It wasn’t until 1986 and Day of the Dead, in which we get to see Romero’s idea in full swing. As the trilogy progresses, from night to the next day, the zombies truly become evolved. The evolution highly mimics the evolution of humans in the world. The zombie is now an avid hunter, keen on finding humans and relying on their thirst for flesh. They have taken over all of America, and the living are reduced to underground bunkers. This is the zombie most notably used in subsequent films. The traits, most notably quaint when left unattended, and vicious when sensing living humans, are pure invention of the Romero zombie mythology.
Will there be further deviation from the current zombie? Even after Romero put his latest twist onto his franchise, he says he doubts that zombies will ever have a complete transformation. “I’ll never live long enough to arrive at some sort of peaceful co-existence of some kind. That’s probably the only way you could end it on a note of promise…but I will never get to that point,” Romero said in a 2005 interview with Green Cine. With this said, Land of the Dead does show the zombies in a very compromising light. The movie, which is completely original and shows the world in the desolate aftermath of the zombie holocaust, gives viewers one last look at zombies, who have evolved into conceptual beings. They understand fear, desire, need, and respect.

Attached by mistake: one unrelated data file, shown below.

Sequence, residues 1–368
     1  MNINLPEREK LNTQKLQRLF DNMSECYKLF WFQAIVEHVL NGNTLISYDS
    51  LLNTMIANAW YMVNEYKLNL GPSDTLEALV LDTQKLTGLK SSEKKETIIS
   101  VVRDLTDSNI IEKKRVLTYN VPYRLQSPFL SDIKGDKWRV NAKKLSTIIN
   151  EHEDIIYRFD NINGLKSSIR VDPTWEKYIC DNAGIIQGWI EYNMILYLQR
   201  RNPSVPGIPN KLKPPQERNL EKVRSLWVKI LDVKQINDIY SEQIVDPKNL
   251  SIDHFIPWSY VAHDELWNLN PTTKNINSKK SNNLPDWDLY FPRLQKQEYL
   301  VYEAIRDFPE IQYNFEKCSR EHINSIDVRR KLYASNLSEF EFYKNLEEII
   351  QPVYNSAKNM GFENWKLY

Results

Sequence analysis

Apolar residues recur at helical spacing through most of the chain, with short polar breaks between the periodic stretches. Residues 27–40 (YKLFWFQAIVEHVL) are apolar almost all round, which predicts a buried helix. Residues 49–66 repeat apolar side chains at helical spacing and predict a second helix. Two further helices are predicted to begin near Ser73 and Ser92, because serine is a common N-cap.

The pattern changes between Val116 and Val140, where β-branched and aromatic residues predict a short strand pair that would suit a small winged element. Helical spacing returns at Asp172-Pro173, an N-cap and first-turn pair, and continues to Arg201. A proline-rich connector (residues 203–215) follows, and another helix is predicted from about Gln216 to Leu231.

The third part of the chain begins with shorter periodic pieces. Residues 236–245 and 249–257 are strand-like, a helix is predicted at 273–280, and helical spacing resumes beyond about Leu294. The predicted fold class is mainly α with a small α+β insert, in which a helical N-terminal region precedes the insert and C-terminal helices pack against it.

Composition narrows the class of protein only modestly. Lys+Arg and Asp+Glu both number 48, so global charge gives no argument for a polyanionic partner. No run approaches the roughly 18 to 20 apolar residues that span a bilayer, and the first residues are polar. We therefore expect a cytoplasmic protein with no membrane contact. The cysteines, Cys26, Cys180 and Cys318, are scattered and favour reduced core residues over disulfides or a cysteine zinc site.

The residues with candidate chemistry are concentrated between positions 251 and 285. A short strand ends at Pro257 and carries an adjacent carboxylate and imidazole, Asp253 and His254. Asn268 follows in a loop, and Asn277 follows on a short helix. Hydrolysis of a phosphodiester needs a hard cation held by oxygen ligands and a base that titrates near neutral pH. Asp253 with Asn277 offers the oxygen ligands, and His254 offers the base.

Future Evolution of Zombies
Whether or not this aspect of zombie mythology is continued on is yet to be seen. One thing that remains, however, is Romero’s influence on zombie films. With his successful track record, don’t be surprised if zombies are portrayed as conceptual beings. Because of the evolution of zombie films from cursed Caribbean voodoo fright fests to urban blood baths has modernized all of zombie cinema, you can rest assured that Romero’s zombie is here to stay.
But even with recent revisionists, including Dance of the Dead, young filmmakers like Gregg Bishop have an opportunity to take advantage of old ideas by adding a fresh spin. The zombie apocalypse isn't simply an allegory for life and death, but a game of cat and mouse, made applicable for all generations.